George Bush not only made the term "compassionate conservatism" a common phrase but also showed what a joke it is.
Last year, Scott Walker picked up where Bush left off when he tried to defend his indefensible decision to reject federal money for Medicaid expansion:
Speaking to an audience of hundreds at a meeting here of business lobby Wisconsin Manufacturers & Commerce, Walker said his plan would cover somewhat fewer people than a full expansion of Medicaid as provided under the federal health care law, which he said would cover 252,700 people, or 28,100 more than his own approach. But the Republican governor said that his proposal, which shrinks state health programs by a few thousand patients, would reduce the role of government in people's lives and make them more independent.
"Some people will portray this as not caring about people. I think it's just the opposite. I care too much about the people of this state not to empower them to control their own destiny," Walker told the audience.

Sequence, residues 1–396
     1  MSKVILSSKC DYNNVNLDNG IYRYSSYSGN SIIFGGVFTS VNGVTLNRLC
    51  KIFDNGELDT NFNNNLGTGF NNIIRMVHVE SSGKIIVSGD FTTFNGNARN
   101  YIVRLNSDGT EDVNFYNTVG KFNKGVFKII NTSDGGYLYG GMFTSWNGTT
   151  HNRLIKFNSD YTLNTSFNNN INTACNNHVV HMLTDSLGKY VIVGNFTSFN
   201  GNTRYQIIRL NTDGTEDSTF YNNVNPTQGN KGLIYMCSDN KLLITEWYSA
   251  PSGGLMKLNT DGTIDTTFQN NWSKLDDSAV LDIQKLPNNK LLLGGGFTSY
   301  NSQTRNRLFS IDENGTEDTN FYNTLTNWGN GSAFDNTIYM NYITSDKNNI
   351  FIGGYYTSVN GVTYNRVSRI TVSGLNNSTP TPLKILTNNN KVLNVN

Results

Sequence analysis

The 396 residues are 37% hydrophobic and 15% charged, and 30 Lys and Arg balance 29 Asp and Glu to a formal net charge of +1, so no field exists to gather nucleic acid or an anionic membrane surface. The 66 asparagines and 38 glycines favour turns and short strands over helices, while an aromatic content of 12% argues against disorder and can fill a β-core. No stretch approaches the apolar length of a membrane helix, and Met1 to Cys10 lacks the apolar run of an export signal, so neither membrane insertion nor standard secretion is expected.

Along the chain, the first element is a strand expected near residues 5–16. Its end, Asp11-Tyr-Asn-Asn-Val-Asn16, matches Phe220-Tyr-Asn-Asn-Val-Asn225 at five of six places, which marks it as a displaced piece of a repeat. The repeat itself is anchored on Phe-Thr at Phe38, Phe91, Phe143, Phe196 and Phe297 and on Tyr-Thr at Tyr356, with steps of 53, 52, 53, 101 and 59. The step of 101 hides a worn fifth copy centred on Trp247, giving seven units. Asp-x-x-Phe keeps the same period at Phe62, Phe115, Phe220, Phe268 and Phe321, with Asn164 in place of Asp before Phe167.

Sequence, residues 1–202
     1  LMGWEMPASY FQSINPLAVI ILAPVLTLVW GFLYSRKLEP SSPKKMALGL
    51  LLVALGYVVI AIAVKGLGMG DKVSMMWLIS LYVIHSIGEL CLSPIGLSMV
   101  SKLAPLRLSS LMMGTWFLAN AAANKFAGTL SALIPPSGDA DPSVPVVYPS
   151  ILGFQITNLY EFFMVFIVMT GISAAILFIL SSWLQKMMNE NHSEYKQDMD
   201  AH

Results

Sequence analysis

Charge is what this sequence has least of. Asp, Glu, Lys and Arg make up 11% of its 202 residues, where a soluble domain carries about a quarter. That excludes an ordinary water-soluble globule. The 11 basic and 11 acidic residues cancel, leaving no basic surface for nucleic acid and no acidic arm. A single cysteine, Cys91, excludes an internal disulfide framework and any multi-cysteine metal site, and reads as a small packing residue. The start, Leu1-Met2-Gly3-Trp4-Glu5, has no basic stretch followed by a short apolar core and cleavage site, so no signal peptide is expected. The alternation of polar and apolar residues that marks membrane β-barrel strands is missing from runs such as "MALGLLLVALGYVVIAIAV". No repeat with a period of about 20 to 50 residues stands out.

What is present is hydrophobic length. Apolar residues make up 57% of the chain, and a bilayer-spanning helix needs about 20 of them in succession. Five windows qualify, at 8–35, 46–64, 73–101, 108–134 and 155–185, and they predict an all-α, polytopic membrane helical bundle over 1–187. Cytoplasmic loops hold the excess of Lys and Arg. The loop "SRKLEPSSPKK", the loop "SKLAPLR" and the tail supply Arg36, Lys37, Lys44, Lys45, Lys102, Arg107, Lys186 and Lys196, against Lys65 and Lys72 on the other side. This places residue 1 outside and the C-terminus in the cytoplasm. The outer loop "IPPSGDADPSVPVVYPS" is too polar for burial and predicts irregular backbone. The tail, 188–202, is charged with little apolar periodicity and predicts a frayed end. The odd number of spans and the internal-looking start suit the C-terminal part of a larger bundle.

Now that Walker is officially unofficially running for president, he is kicking his compassionate conservatism up a notch by adding a little patriotism:
“Beyond that, I just ask the basic question: Why is more people on Medicaid a good thing?” he said. “I’d rather find a way, particularly for able-bodied adults without children, I’d like to find a way to get them into the workforce. I think ideologically, that’s a better approach, not just as a conservative, but as an American. Have more people live the American dream if they’re not dependent on the American government.”
Don't you just get the feeling that he is going to just love all the poor people to death?
Here he is on Morning Joe: